Love is complicated and we all know this. It seems that it gets more complicated with time and is harder to figure out. We all hope and have faith that one day we will meet our one true love, and sometimes we do, and sometimes we do not. There is also the case when our love is taken away from us. Some of us are lucky enough to meet this person when we are young and grow to love him or her even more like Heathcliff (Rex Downing/Laurence Olivier) and Catherine (Sarita Wooten/Merle Oberon) in William Wyler's 1939 film version of Emily Brontë's 1847 Wuthering Heights.
It goes along with the idea that we do not always get what and whom we want no matter what. In most modern movies, the "good guy" gets the girl; and the movie is over; but in classic movies one can never tell what is going to happen; and this is what makes it beautiful and entertaining.
Wuthering Heights, with the thwarted love of Heathcliff and Cathy, who married the rich Edgar Linton (David Niven) reminded me of Casablanca, directed in 1942 by Michael Curtiz, because of the unrequited love factor, when Ilsa (Ingrid Bergman) goes off with her freedom fighter husband, Victor Lazlo (Paul Henreid), instead of her beloved Rick (Humphrey Bogart). As Charlie Brown once said, "Nothing takes the taste out of peanut butter like unrequited love."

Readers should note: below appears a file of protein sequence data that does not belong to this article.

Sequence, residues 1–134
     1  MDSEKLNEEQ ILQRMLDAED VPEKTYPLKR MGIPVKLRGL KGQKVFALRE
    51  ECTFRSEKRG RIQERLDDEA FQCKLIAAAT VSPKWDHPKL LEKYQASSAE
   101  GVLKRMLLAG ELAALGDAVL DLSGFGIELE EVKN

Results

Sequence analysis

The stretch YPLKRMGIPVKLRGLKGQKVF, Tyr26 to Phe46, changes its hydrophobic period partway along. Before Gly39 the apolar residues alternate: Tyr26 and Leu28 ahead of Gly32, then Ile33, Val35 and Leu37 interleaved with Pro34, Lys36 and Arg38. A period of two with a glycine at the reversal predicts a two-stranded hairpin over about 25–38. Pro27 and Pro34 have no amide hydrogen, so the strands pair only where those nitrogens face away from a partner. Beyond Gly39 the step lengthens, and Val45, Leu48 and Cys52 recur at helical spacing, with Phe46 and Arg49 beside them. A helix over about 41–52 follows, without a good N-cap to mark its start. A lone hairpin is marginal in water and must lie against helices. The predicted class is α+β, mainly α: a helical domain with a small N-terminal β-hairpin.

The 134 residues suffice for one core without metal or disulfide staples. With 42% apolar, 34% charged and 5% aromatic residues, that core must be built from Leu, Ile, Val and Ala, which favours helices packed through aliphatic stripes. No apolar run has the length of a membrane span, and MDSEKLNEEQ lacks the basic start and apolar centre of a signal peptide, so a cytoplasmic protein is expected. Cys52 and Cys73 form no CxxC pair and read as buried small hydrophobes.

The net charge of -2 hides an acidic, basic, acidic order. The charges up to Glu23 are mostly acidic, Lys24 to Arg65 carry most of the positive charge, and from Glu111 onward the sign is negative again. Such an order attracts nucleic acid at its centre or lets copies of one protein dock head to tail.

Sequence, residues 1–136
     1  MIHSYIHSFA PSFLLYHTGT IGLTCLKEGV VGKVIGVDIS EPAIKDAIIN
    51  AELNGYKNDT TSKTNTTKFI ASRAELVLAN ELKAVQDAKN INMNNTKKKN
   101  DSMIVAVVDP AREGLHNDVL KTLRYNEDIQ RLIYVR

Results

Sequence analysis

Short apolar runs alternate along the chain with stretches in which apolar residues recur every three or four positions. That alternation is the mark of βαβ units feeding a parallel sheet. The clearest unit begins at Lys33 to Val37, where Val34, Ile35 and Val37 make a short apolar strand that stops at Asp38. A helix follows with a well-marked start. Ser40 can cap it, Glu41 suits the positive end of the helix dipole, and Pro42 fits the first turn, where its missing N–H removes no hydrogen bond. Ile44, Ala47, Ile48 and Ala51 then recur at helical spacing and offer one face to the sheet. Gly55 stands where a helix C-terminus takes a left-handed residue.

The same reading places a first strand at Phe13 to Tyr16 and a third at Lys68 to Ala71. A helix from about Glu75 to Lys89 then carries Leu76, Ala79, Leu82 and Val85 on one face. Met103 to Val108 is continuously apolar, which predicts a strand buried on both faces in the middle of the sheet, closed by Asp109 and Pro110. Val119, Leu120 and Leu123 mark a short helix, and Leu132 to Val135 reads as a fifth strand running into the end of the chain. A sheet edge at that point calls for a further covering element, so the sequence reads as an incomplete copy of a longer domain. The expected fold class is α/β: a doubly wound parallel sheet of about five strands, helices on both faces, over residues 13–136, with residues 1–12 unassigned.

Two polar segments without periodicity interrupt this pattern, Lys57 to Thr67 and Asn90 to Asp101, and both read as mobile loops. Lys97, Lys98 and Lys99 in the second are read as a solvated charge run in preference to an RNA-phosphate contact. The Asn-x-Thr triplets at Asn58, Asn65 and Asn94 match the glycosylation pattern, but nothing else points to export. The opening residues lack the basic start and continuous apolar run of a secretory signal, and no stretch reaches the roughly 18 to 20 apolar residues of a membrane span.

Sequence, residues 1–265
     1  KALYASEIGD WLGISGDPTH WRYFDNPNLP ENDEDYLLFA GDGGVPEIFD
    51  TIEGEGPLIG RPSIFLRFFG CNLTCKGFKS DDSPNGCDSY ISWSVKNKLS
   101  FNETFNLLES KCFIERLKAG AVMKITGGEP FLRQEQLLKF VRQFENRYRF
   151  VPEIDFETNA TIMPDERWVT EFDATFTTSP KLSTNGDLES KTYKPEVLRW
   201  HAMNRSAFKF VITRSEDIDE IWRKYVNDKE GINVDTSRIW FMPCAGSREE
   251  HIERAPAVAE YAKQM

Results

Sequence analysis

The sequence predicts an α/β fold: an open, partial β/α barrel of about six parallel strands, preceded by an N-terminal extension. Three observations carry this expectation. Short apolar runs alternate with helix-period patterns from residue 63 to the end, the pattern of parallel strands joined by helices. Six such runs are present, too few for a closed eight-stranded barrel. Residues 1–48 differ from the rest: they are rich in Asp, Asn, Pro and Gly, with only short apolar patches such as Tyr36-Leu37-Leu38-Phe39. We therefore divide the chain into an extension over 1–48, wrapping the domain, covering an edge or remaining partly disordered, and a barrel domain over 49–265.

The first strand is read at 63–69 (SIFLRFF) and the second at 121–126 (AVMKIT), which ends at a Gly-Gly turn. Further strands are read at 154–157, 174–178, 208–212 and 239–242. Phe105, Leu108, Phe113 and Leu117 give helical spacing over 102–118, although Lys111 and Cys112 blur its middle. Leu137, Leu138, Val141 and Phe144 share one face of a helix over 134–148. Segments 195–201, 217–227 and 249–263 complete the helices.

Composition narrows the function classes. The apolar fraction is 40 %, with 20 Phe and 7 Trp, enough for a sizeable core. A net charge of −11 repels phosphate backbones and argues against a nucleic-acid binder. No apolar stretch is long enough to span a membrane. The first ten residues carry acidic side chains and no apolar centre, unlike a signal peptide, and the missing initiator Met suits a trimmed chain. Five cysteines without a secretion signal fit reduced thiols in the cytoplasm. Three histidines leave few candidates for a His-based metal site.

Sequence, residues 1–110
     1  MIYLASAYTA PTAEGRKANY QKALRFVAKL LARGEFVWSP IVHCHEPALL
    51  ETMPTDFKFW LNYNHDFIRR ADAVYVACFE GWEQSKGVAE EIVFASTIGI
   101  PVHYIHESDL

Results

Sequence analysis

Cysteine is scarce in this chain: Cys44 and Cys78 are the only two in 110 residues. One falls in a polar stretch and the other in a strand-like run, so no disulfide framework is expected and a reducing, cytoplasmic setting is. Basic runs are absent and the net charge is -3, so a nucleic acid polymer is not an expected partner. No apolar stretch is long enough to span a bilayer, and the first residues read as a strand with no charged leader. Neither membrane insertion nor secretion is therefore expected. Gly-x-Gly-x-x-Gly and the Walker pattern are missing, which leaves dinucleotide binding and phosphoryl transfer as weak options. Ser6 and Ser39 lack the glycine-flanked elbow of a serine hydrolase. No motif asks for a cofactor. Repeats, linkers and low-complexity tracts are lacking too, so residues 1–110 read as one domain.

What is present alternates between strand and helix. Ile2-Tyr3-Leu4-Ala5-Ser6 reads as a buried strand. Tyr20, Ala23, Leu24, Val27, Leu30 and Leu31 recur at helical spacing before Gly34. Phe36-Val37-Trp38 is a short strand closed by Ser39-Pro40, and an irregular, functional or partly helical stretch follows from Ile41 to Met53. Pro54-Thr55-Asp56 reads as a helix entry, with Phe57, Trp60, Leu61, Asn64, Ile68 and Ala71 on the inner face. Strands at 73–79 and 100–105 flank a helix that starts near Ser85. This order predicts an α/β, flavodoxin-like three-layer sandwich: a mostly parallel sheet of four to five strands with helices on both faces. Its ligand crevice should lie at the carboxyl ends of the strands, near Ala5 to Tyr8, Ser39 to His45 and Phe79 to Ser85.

We would all like to think that our lives would end in a happy ending, but who really knows? I believe that in American society we are so scared of being alone that we just marry without really realizing that this is supposed to be a life-long commitment. The final shot of Heathcliff's and Catherine's ghosts walking off together happily gave me closure, and by the end I was like whew. I think both characters needed to grow up and realize what both of them meant to each other. Heathcliff needed to get over his past, and Catherine needed to quit being so snooty, but both of them did not realize what they had until they saw that
they were not going to be together in life, as often happens in real life.